Professor Julia Ott directs the interdisciplinary Robert L. Heilbroner Center for Capitalism Studies at the New School. In the wake of the 2008 financial meltdown, a number of programs to study capitalism have emerged, from Harvard to the University of Georgia. University presses have followed suit, producing new work fundamental to understanding our current crisis. Here are five crucial contributions.

The Costs of Luxury 
in Early America

by Jennifer L. Anderson

Harvard University 
Press, 2012
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You’ve seen the musical—now enter Alexander Hamilton’s material world. In Mahogany, Anderson invites us inside the founding fathers’ surroundings, in which luminous objects made of silk, silver, and mahogany were featured.

The “consumer revolution” of the mid-18th century is as central to capitalism as the Industrial Revolution that followed. In the West, Europeans gained access to more goods than ever by exploiting slave labor. Venturing forth from the British West Indies (much like Hamilton himself), Anderson’s account blends ecological, labor, cultural, and imperial history.

Hidden Costs and the Decline of the American Middle Class

by Devin Fergus

Oxford University Press, 2017 (forthcoming)
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Debt stands between millions of Americans and their dreams of economic security. Land of the Fee reveals a hidden system of charges that keeps Americans from getting out of it.

Fergus fingers a predatory system that makes it unnecessarily expensive to work, educate, own, and live. In many industries, lobbyists have worked to dismantle consumer protections, resulting in surreptitious fees—often waived for those who can afford them, and targeting communities that can’t—which have become the norm for American banks, insurers, airlines, colleges, and universities.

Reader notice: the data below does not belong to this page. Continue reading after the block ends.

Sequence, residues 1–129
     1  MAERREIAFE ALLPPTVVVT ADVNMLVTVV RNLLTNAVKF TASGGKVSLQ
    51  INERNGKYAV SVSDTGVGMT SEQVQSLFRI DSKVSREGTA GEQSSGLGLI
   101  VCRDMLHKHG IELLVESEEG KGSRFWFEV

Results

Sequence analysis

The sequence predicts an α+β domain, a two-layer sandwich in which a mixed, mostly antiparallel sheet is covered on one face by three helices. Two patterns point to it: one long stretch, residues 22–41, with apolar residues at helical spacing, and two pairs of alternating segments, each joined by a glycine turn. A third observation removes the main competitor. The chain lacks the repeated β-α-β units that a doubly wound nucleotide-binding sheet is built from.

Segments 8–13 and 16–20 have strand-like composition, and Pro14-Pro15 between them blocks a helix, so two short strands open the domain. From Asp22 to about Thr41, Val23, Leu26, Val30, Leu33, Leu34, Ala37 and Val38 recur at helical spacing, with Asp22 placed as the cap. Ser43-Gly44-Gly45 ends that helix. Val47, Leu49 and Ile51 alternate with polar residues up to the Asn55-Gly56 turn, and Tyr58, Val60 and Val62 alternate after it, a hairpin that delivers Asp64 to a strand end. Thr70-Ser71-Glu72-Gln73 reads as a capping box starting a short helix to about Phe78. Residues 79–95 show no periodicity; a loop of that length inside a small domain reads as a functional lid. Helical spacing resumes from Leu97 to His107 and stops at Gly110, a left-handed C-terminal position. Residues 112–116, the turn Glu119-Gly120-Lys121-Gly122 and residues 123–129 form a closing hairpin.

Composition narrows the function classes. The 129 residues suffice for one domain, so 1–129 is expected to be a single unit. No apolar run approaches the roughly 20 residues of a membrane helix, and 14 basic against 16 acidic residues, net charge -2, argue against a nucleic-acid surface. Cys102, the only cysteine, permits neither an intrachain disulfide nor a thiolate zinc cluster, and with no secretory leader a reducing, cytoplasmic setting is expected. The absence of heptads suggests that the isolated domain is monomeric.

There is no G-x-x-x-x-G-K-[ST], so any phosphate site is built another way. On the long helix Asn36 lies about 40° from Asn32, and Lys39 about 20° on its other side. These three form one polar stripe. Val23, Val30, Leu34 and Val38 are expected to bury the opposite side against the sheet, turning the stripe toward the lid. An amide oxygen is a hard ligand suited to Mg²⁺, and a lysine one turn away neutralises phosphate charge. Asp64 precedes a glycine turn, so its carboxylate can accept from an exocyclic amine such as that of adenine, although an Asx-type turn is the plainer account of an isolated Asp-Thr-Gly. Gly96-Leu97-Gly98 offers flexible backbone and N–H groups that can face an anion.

A New History of American Economic Development

Edited by Sven Beckert and Seth Rockman

University of Pennsylvania 
Press, 2016
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The ascent of the United States as the world’s largest economy depended on the violent enslavement and ongoing dispossession of African Americans.

Some view slavery as a dead end on the path to modern industrialization. These 16 marvelous essays reveal that, in fact, the forced-labor camps of the antebellum Cotton Kingdom provided a laboratory for a range of practices that are now familiar in our capitalist system. On the eve of the Civil War, slavery was no dying institution; its legacy is the racialized capitalism we know today.

African American 
Women’s Activism in the Beauty Industry

by Tiffany M. Gill

University of Illinois 
Press, 2010
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Capitalism can play handmaiden to freedom on occasion. For more than a century, the beauty shop has served as a “matrix of beauty, business, and activism” in African-American communities.

Beyond providing their communities with material support, these entrepreneurs have backed the movements demanding racial justice by contributing their own spaces, funds, networks, and contacts. African-American beauticians have also shaped black politics by calling out sexism and elitism within the organizations fighting for civil rights.

Hayek, Friedman, and the Birth of Neoliberal Politics

by Daniel Stedman Jones

Princeton University 
Press, 2012
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Today, even the IMF wonders whether it “oversold” neoliberalism, acknowledging in a new white paper that deregulation, trade liberalization, and austerity have fueled global inequality.

Those interested in learning more should read Stedman Jones’s exploration of a transatlantic network of academics, politicians, journalists, and businessmen who, after World War II, idealized self-correcting markets as guarantors of human freedom. After working for decades to develop and influence policy, neoliberals began to secure political victories in the US and UK beginning in the 1970s.